La Sportiva Climbing Pants Review
Having worn La Sportiva climbing pants exclusively for most of the last two seasons, I have a lot of days in them by now and feel ready to write a review. They have all held up well and are perfect for the specific application they are each designed for. In general, they all have the just the right amount of stretch and come with all the features you’d expect from a good climbing pant – gusseted crotch, articulated knees, ankle cuff draw-strings, etc. I’ve worn three so far: Kendo climbing jeans, Talus Pant, and the Crimper Pant.
Crimper Pant: I use these for everything in the warmer months and have found that they are the perfect summer climbing pant. The design of the waistband/drawstring and rear stretch panel keeps them from falling down while hiking w/ no belt and allows them to sit very comfortably under a harness. Other great features are the ankle cuff draw-strings, which make it really easy to pull the pants up into shorts mode and the lightweight, fast-drying cotton-blend fabric that breathes well enough during sweaty summer approach hikes to not give you swamp-ass. Plus, you look cooler when you climb with cinched ankle cuff draw-strings
- Gusseted crotch, articulated knees, elastic waist band/drawstring and rear stretch panel, ankle cuff drawstrings, 4 pockets + brush pocket
- Cotton blend is very comfortable/breathable. The fabric itself isn’t very stretchy, but the rear stretch panel allows the pants to move with you. Never need to hike these up before doing any high steps/heelhooks/etc.
- Fit is better than any other climbing pant I’ve ever worn. On the baggy side, but not super baggy like E9 or Verve pants. At a 30-31 waist and 30 in-seam, just under 5’8” and 165lb the EU M-48 / US M fits perfectly.
- The inseam in the pants is more like 31/32, but I just keep the ankle cuffs tightened all the time.
- Color selection: These pants pretty much only come in neon or very bright pastel colors (like all of La Sportiva’s apparel) which makes them pop beautifully in any photographs they appear in. This is definitely a plus for me, especially on highlines when the depth of field is so large. For some people it’s a con, depends on your taste.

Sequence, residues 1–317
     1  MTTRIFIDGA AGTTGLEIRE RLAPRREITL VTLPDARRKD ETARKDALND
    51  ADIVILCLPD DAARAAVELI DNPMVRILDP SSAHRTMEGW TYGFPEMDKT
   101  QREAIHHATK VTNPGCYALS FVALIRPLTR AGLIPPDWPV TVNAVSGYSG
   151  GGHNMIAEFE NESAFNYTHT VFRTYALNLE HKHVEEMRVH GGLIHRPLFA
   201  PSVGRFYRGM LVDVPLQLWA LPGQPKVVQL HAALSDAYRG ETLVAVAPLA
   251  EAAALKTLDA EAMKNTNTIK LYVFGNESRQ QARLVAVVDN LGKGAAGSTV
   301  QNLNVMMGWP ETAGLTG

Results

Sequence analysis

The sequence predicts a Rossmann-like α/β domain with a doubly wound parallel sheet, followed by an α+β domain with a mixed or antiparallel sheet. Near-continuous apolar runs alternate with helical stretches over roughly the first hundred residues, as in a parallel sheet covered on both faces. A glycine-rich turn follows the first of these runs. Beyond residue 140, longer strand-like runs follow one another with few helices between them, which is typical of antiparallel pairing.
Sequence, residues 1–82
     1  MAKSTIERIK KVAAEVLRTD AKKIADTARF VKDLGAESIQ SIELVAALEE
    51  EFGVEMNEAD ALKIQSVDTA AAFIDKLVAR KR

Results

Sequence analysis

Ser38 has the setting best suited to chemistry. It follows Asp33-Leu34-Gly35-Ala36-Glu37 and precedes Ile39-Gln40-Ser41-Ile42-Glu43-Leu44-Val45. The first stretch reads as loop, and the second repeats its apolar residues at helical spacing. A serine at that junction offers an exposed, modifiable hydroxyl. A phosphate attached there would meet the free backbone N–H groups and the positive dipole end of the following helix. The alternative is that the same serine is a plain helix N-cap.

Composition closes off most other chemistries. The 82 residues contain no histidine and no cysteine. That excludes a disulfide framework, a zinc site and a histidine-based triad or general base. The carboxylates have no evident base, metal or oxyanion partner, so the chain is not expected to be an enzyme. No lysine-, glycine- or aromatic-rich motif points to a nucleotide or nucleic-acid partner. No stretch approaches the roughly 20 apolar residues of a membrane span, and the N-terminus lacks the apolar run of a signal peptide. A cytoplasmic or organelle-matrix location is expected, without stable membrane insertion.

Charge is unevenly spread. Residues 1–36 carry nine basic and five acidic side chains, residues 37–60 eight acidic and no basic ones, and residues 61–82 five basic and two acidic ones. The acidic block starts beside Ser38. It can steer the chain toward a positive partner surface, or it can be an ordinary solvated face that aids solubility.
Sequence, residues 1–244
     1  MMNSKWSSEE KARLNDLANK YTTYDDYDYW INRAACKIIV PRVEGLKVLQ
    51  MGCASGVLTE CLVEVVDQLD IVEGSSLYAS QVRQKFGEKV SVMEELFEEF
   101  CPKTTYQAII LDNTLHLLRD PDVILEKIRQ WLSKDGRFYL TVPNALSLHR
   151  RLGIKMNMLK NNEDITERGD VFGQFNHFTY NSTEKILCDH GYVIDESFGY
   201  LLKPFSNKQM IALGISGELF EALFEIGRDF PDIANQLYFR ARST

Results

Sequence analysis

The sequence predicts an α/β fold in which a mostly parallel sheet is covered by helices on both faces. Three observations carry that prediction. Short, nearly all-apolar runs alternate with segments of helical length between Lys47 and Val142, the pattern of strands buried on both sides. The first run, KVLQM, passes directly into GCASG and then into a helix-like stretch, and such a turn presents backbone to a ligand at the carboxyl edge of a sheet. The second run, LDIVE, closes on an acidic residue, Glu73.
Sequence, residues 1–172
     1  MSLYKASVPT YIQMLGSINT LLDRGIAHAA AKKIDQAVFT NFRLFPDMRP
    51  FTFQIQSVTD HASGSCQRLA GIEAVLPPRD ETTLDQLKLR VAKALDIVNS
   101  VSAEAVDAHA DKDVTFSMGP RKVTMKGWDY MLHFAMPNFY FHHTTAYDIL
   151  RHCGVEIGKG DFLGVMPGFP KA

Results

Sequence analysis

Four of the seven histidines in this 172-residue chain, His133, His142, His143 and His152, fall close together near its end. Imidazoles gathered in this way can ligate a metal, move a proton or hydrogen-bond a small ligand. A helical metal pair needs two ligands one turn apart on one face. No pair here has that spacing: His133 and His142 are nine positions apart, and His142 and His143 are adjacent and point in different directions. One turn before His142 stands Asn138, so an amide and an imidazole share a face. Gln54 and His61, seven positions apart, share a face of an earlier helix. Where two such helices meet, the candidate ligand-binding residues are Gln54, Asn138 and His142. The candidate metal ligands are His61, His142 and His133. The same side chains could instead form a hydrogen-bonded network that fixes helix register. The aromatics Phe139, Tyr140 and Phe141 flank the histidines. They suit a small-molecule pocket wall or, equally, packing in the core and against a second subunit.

- Pricey. All LaSpo pants are on the higher end of the price scale, for sure. They’re a good investment, though.
- Only hip pockets. Has no thigh pocket for stashing phone, bars, etc. Makes it a bit less convenient to do multi-pitch w/ no followers pack if that’s your thing.
- Durability – the thinner fabric is very breathable but can definitely be ripped if you do things like scooch on your butt in talus fields or highline a lot. I’ve done a few highlines in them and could tell that the webbing would chew them up before too long. I wear different pants on highlines, usually. I would also be weary of climbing too many off-widths in these.
- Design: I have had someone tell me that it looks like I’m wearing scrubs (mine are the “Lake” color). Personally, I like the design but some people aren’t psyched on the “Euro” look. These pants are very “Euro”. If you fancy a sporty ensemble you will like these pants.
Talus Pant: These have become my go-to three season alpine rock climbing pant. Heavy duty stretch softshell fabric blocks wind well, is water resistant and fast-drying, and holds up to abrasive alpine granite and highline webbing. All the same design features as the Crimper, minus the ankle cuff draw strings and rear stretch panel.